At the January 7, 2014 council workshop session there were two items up for discussion and direction. Both were in Julie Frisoni’s, Interim Assistant City Manager, realm. One was municipal marketing and the other was restructuring the organization.

Municipal marketing is a strategy to raise money in a city by allowing corporations to pay for the right to advertise on city property, i.e., libraries, fire stations, police stations, vehicles and any other city asset deemed appropriate. It is used sparingly throughout the country and in the Valley.

Much was made of Mesa’s use of advertising inserts in its utility bills and the fact that since 2010 advertising has earned the city $250,000. What council failed to recognize is that it was not an annual $250,000 windfall but rather $80,000 a year. The cost to the city for implementing such a program will run anywhere from $40,000 to $75,000. Expect the higher cost rather than the lower. The options for payment of this new initiative were either (1) get the bidder to accept no upfront payment from the city. Rather there would be a reduction in the bidder’s first payment to the city to cover the cost; or (2) payment from salary savings. Salary savings are those revenues generated when a position remains vacant and unfilled for a period of time. The salary that would have been paid goes into a salary savings fund. That should be your first clue that there are still dollars to be cut from Glendale’s budget.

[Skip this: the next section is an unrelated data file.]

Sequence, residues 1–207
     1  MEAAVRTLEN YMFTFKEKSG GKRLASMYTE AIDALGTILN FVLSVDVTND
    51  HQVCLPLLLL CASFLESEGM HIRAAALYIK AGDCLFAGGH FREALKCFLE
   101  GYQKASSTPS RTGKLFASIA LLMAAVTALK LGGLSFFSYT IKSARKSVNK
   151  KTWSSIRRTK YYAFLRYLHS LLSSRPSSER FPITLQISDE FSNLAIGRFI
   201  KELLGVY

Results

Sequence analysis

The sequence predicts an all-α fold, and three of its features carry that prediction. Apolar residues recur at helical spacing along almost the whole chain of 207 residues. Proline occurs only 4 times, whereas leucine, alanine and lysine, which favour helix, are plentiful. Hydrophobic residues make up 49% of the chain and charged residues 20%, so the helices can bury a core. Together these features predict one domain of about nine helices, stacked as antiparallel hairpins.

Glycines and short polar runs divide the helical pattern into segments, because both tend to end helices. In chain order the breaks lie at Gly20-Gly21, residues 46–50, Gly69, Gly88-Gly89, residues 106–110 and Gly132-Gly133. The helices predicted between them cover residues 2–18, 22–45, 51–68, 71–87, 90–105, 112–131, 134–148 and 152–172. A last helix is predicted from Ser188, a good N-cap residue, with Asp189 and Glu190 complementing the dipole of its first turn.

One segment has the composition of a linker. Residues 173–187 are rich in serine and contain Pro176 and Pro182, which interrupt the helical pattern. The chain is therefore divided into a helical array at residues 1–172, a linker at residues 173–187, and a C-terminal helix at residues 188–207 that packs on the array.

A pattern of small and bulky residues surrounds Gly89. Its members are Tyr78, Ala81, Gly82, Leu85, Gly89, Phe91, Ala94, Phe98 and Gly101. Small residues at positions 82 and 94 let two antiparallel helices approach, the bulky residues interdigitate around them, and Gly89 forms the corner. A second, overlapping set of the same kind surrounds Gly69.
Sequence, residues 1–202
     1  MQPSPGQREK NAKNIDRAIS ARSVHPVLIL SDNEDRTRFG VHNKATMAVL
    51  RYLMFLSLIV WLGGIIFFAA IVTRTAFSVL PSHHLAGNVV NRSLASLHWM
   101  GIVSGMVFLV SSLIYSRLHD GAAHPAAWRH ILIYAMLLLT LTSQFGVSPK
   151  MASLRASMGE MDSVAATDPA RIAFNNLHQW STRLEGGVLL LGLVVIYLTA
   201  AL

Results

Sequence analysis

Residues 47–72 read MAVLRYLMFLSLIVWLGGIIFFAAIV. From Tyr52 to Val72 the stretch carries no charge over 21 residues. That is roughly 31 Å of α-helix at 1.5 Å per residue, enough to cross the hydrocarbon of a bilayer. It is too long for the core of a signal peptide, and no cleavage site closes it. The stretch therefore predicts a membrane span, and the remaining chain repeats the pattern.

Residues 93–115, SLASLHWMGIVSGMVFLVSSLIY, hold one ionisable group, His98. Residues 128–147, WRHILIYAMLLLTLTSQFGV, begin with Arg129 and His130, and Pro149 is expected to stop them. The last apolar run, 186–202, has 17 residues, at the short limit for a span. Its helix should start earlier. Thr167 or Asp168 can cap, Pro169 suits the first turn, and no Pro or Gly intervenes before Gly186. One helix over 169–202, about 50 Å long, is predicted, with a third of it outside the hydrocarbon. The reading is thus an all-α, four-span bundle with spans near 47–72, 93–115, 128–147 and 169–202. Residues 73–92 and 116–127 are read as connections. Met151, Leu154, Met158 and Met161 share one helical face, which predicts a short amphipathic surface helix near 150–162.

It was emphasized repeatedly that this would be a city-wide program. I wonder if Arrowhead residents are prepared to see their Foothills branch library renamed. It will be interesting to see their reaction should the library become, for example, the “Chick-A-Fill” Foothills Library!

All of the revenue earned will go into the General Fund. Will we see advertising revenue from the libraries, sanitation trucks or city buses go into the General Fund to pay for some inane project? Perhaps those assets that earn the revenue should benefit from it.